SALT LAKE CITY – In 2013, critics of the Utah legislature claimed the state was failing to “adequately fund schools.”
But the accusation is hard to believe, considering the top end of the school district’s payroll that year.
Perhaps the problem had less to do with the amount of money the state provides, and more to do with how the district chose to spend it.
In June 2013 the Salt Lake City school board voted to raise property taxes – without a vote of the people – by $12.65 for every $100,000 of assessed property value.
The action was taken to raise about $3.6 million in new revenue.
Part of the reason the board managed to impose the tax without a public outcry was the relatively small size of the tax increase.
As one mother was quoted as saying by the Deseret News, her family was willing to give up pizza night once a year to pay the extra taxes.
Beyond that, school officials had apparently managed to convince the public that they weren’t getting adequate funding from the state to properly instruct students.
“They’re satisfied that Utah is on the bottom of the heap in per student expenditures,” the same mother was quoted as saying. “It’s a disgrace, and everyone in this room should hold the Legislature responsible for their lack of concern for our children.”
But did that mother and her fellow residents know how much the Salt Lake City district was paying its top employees?
According to records, 327 district employees made at least $100,000 in gross compensation in 2013-14, for a grand total of $37.5 million. The top salary went to Superintendent McKell Withers, who made $279,504.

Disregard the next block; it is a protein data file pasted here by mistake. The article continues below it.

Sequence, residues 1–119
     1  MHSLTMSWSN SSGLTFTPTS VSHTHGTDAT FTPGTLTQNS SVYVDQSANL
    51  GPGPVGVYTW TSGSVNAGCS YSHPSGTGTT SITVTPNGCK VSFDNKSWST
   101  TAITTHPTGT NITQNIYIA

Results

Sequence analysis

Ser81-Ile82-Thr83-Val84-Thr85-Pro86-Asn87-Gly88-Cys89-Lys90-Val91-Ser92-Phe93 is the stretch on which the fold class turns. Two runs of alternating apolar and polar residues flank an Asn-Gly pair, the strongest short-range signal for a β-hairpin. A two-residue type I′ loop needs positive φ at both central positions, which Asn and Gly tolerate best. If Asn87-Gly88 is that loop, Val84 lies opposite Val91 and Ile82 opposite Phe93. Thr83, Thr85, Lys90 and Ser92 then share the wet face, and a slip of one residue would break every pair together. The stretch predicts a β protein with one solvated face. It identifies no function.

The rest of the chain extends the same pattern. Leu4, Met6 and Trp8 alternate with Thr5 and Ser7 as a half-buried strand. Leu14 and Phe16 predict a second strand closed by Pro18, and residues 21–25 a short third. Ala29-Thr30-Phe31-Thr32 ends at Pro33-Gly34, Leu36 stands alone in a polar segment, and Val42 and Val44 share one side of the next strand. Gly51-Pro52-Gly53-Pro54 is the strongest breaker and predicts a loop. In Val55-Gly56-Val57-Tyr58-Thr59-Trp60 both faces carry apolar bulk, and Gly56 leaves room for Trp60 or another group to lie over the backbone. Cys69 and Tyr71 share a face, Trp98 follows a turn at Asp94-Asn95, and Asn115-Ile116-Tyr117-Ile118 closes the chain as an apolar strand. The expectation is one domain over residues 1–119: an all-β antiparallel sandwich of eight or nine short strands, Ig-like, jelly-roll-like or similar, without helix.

Then there were Business Administrator Janet Roberts ($254,076), Assistant Superintendent Patrick Garcia ($212,452), Executive Director of Information Systems Gary Smith ($178,257) and Director of Finance Alan Kearsley ($163,954).
Rounding out the top 10 were Executive Director of Human Resources Craig Ruesch ($161,569), high school principal Mindi Holmdahl ($153,857), Director Randyl Schelble ($153,809), high school principal Paul Schulte ($152,186) and Director Kenneth Grover ($149,925).
If the district was really desperate for $3.6 million in new revenue back in 2013, it could have taken $10,000 from each of the 327 six-figure salaries and come very close to its goal. Or perhaps those near the top of the chart could have sacrificed a bit more and the rest a bit less.
Some would argue that the highly-paid staff deserves every penny because its preparing Salt Lake City’s youth for the future.
But just how effective have they been? Put it this way – if Salt Lake City paid by level of performance, a lot of professional employees would be making less.
On its 2015 state report card, the Salt Lake City school district lagged behind the rest of the state in student proficiency in most areas.
24 out of 27 categories for English, math, reading and various forms of science, the percentage of Salt Lake City students scoring proficient lagged behind the state average.
In eight categories, in fact, the percentage of difference between Salt Lake City and the state was double digits. In earth science, the district lagged a full 29 percent behind the rest of the state. In physics the difference was 27 percent and in chemistry it was 21 percent.
Before they scream about the amount of money their schools get from the state, perhaps Salt Lake City residents should inspect their own district payroll, and ask themselves if the highest-paid employees have really earned what they’re making.